Paul Parker, of Coraki, is worried about the effect of Foetal Alcohol Syndrome on infants and students. Photo Marc Stapelberg / The Northern Star
Paul Parker, of Coraki, is worried about the effect of Foetal Alcohol Syndrome on infants and students. Photo Marc Stapelberg / The Northern Star Marc Stapelberg

Foetal alcohol syndrome ‘more common than we think’

A CORAKI man whose grandson suffers from foetal alcohol syndrome says the condition is far more widespread than people realise.

Paul Parker believes up to 10% of the child population in the Northern Rivers could have the condition, and in many cases parents may not realise their children are afflicted by it.

Develops in the womb

Foetal alcohol syndrome, or FASD, is a condition which develops in the womb if the mother drinks alcohol during pregnancy.

It causes neurological problems marked by learning disabilities, hyperactivity and behavioural issues, and some characteristic facial features.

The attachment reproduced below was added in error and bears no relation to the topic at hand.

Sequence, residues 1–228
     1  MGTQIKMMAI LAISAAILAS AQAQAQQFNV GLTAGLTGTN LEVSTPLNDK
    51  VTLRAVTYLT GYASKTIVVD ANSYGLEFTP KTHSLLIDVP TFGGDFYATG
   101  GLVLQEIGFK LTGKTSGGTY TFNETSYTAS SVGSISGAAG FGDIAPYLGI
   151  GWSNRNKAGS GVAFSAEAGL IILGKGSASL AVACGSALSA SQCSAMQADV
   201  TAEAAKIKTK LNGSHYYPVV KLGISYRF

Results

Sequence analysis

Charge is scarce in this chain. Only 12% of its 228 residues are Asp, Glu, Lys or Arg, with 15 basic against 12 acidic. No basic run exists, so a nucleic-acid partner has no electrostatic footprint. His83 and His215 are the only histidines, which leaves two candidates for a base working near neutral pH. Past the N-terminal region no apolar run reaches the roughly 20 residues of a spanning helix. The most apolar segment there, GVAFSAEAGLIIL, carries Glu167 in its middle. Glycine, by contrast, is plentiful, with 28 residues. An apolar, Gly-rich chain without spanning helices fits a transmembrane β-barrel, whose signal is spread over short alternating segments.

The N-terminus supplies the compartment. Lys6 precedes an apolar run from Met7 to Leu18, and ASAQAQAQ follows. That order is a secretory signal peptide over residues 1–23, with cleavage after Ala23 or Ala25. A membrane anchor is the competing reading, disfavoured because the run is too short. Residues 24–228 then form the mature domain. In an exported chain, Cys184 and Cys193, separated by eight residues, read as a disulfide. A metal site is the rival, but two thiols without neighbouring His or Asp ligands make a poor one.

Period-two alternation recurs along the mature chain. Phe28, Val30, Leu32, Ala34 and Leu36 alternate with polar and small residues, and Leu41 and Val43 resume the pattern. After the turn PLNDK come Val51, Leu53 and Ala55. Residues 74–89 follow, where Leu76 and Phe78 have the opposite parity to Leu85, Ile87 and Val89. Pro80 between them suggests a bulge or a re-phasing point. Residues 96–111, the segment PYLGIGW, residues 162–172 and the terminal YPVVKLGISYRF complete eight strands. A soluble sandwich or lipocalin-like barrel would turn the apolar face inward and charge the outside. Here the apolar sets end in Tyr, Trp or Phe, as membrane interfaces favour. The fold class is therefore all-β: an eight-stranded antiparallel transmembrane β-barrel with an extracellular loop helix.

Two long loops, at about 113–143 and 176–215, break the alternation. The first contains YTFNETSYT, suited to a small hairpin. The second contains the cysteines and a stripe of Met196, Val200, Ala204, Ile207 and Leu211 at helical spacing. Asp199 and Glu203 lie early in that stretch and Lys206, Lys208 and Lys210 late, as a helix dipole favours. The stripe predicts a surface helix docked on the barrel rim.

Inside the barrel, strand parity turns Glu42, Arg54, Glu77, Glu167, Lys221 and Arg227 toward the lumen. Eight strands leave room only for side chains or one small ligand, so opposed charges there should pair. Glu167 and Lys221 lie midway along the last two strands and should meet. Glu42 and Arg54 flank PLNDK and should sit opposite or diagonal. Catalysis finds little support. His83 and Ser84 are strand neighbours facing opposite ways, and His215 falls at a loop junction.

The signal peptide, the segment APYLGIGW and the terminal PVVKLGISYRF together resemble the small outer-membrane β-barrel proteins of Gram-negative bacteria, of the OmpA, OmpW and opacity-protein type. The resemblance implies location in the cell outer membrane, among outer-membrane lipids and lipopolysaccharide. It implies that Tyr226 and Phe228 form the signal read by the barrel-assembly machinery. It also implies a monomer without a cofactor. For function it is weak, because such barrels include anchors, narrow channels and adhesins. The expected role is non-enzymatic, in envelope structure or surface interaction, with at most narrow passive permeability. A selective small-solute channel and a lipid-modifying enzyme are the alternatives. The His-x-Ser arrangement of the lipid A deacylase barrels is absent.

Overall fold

Mr Parker said paediatricians had been advocating increased support to tackle FASD "for years" and GPs had become well-trained at identifying the disability.

More research needed

But he believes more research needs to be made available on the prevalence of the condition and has called for the government to "stop hiding behind the Privacy Act" in releasing accurate data.

"We've known about it for about 15 years, but we've really only starting to focus on it now," he said.

"There's a lot more kids (with FASD) than people realise.

"The government is only just starting to realise how much it will cost to look after these people as they age.

"(They need) to stop avoiding frightening the population."

Special schools

If the condition is more common than believed, Mr Parker believes it would be better to place children with FASD into a special school.

"It might be better for all students concerned," he said.

His grandson, also named Paul, at times exhibited behaviours which caused him to be suspended from school.

"Children with FASD think differently and respond differently in a way considered to be inappropriate to ordinary people," he said.

"Teachers say 95% of the time he is fine, but 5% (they) don't know how to manage."

"We need to make it easier for people to be aware of these problems and how big of a problem it is in our area."



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